Rock and pop work best with the subject of death when they become both melodramatic (Twinkle's fabulous "death pop" single "Terry" comes to mind) and achieve the kind of abstract poetry which runs in rare, precious seams through the strata of rock and pop from Johnnie Ray to Eminem. Paradoxically, this is a quality which seems to lie in the broader relationship between rock music and youth - the whole emotional hot-house of teenage and early adult experience, with its all-or-nothing approach to the world, its frequent sense of alienation, its uneasy tension between love and lust, and its traditional duty to rebellion and stimulants.
Somewhere deep in the middle of this mass of expanding hormonal impulses - as evidenced by Baz Luhrmann's superb pop-hip interpretation of Shakespeare's Romeo and Juliet - there is an awareness of death at its most idealistic. And if you return to the founding English romanticism of the early 19th century, you can see the models for youthful pop-death angst. Indeed, one of the great images of rock'n'roll - directly comparable with David Bowie's "snow white tan" on the cover of his great Aladdin Sane LP of 1973 - has always seemed to be Henry Wallis's pre-Raphaelite portrait of the poet Thomas Chatterton. The poet is seen having taken his own life, stretched out on a low divan beneath the dusty window of his garret room. It's either dusk or dawn, and with his long red hair, cheek-bones like wing mirrors, powder-blue knee breeches and almost violet pallor, he is every inch the rock'n'roll suicide - Aladdin Sane's direct ancestor, requiring only Luhrmann to recreate the scene.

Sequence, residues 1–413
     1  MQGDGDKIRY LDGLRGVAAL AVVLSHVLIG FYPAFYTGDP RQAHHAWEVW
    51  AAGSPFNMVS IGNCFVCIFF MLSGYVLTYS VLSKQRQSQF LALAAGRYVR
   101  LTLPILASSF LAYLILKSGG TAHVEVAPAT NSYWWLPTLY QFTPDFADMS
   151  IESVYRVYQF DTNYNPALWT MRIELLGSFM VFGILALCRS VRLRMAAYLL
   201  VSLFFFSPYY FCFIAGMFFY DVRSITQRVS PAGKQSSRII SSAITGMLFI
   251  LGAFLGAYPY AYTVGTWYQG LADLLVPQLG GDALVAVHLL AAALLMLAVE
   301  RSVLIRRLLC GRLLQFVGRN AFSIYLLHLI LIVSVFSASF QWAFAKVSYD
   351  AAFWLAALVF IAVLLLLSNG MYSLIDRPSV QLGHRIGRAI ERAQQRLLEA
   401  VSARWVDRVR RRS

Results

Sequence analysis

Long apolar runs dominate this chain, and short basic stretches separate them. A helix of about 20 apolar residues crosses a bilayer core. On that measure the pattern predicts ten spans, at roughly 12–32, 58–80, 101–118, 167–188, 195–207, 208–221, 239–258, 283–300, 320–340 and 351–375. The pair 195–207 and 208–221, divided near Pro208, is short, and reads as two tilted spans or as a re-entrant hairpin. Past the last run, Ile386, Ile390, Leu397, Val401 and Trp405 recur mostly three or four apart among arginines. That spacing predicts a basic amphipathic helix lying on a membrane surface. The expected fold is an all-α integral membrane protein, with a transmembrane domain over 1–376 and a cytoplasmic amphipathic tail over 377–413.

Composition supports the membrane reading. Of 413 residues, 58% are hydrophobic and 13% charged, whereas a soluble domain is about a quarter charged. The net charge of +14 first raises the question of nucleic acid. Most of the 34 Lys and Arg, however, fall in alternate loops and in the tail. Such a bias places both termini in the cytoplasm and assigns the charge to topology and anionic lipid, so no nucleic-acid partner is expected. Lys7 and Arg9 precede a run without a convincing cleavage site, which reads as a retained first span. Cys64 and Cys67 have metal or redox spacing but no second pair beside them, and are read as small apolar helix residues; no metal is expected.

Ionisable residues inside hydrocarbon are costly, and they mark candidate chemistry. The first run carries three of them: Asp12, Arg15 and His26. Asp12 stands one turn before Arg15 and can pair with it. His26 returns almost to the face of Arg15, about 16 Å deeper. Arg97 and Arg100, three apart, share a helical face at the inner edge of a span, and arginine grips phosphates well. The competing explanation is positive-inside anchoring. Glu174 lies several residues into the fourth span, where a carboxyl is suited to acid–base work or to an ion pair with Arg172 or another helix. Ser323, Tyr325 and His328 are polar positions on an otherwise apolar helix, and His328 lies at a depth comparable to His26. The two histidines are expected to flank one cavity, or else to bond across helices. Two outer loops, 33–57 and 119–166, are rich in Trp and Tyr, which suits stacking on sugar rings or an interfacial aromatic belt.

There is an art historical footnote to Wallis's painting which also seems relevant to rock music's relationship with death. For while Wallis's image of the dead young poet is gorgeously iconic, it reverses the facts of Chatterton's death by poisoning - which was violent, messy and not least unaesthetic. In this the poet's death would have resembled that of Oscar Wilde's, in the sense that "the debris was appalling". And there is an almost adolescent wishfulness, on Wallis's part, to exchange the blunt horror of these grim facts for the aesthetic heroism of his moodily-lit mise-en-scène. His purpose is to induce reverie and champion idealism.